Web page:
Moments Worth Fighting For
PG – General – AD, MM – Oneshot
Summary: He loves to watch her teach. AD&MM friendship.
Disclaimer: All hail JKR.
Warning: Dumbledore-friendly zone. Don't like, don't read.
A/N: Half-Blood Prince? What's that? ...I have made no attempt to make this HBP or DH compliant, so I don't care if it isn't. Could really be set anywhere between the first and second Voldemort wars, but I thought of it as happening within a couple of years of Harry's first year. Can be considered romance or friendship, whatever floats your boat.
He loves to watch her teach. It's something of a guilty pleasure, since a Headmaster really oughtn't watch his Transfiguration professor except during her annual review, but it is nevertheless a true pleasure. Albus was never one to believe in fate or destiny, hence his great scepticism over divination which even the existence of real life prophecies can't quite eliminate; he would rather believe it is in each person's power to create his own life of his own free will (and, yes, his own mistakes as well). But sometimes he can forget that when he watches Minerva teach, because it is easy to believe that this is exactly where she was born to be.
It's there in the way she controls a class with her voice, in the way she can lecture while picking up on the details of three separate surreptitious conversations, in the way she not merely has eyes in the back of her head but also a near-clairvoyant ability to stop trouble before it has even begun. But mostly it's in her.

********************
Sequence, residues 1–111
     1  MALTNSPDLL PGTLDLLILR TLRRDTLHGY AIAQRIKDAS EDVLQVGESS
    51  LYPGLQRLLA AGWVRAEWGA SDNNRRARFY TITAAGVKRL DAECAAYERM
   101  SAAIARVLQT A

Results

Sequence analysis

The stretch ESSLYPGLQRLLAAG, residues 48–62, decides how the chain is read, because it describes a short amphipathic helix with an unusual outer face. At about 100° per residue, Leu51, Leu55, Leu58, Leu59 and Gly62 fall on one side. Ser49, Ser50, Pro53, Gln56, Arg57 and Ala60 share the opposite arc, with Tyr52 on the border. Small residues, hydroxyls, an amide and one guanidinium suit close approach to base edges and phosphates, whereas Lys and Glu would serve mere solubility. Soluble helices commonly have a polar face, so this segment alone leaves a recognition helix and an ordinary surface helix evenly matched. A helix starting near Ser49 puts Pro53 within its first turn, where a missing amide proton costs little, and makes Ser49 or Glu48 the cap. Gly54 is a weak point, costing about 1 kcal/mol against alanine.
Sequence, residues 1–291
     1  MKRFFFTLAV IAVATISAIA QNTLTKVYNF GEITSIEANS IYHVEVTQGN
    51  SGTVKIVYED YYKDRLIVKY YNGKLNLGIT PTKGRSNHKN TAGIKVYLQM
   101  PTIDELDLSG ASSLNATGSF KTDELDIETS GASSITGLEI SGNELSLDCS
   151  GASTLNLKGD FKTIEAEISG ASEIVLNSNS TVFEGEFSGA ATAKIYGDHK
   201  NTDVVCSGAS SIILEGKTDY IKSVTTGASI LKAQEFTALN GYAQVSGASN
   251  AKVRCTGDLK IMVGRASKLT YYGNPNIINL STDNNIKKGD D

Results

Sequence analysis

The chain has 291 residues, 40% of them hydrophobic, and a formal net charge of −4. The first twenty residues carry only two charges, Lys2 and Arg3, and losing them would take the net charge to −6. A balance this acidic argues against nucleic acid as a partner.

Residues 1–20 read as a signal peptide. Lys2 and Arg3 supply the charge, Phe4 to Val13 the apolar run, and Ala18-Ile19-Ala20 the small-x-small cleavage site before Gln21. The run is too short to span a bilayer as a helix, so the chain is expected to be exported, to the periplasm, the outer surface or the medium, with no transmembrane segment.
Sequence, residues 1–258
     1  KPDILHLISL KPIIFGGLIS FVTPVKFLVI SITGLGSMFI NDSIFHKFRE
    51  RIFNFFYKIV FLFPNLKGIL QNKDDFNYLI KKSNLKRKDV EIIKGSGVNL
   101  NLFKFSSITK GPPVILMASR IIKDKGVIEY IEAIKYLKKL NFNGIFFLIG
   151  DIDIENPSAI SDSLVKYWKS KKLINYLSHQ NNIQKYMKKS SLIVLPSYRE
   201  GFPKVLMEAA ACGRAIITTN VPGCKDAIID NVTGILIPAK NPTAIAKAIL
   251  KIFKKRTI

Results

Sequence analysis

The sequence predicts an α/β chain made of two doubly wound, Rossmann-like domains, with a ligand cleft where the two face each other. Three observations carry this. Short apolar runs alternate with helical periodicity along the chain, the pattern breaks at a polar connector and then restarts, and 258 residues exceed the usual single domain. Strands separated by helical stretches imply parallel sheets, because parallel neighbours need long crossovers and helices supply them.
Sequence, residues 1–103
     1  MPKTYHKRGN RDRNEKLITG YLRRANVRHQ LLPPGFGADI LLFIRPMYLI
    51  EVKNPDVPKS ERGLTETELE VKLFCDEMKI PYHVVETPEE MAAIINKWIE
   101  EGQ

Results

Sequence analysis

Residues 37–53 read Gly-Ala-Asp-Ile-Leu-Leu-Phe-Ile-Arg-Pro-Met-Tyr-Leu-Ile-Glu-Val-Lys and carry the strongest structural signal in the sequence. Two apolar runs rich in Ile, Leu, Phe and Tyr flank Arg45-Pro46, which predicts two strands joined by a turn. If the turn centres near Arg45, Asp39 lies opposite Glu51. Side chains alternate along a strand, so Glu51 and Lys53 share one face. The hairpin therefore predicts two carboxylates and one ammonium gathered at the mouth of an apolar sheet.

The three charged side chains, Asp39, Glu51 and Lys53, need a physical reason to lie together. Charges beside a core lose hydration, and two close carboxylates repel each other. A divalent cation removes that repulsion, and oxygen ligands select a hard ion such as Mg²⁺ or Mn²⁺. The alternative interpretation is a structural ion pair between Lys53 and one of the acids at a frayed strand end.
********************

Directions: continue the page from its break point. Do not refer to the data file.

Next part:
Some women, when they are excited, their voices rise in pitch. Not Minerva. As she becomes passionate her voice deepens, her brogue thickens. He's seen (heard) it many a time, in 'discussions' (her euphemistic term for their arguments), in joy, in anger. And he sees it here in the classroom, the way her voice drops as she warms to her topic and becomes rich with undertones of enthusiasm. The thrill that draws out her 'r's as a student suddenly grasps a tricky concept and sets to work with a will. The delight that strengthens her Scottish lilt when a student asks, genuinely interested, an intelligent question or receives back an essay with a well-deserved 'A'.
The set-backs, the frustrations, the hard work... They're all very real, and Minerva is hardly the only teacher Albus has quietly consoled with a glass of something strong and wholly forbidden to students. But for Minerva the triumphs are worth the failures, and she loves what she does. That is why Albus loves to watch her teach.
The last of the students stampede off to lunch and Albus smiles, waits a moment to ensure none will return to retrieve some misplaced belonging, then drops his disillusionment and steps forward to where Minerva sits at her desk, piling up assignment scrolls. She doesn't hear his step, intent on her work, and for a moment he just observes her fondly. Then he speaks her name.
She jumps and looks up sharply, then relaxes and smiles at him. "Albus," she says, the remnants of satisfaction roughening her voice still. "I thought you would have left with the students."
"One day," he tells her, standing beside her desk and looking down at her with a smile, "I shall convince you to tell me how you alone of my acquaintance can see through my cloaking spells."
She taps her nose with the tip of her quill, her smile turning secretive and cat-smug. "One day," she says lightly, "I may even tell you the truth."